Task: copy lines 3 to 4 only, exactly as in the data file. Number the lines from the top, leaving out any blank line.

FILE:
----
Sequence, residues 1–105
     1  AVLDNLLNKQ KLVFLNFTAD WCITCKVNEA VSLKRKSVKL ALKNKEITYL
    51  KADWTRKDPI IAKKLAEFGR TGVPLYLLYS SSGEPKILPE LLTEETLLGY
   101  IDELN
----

    51  KADWTRKDPI IAKKLAEFGR TGVPLYLLYS SSGEPKILPE LLTEETLLGY
   101  IDELN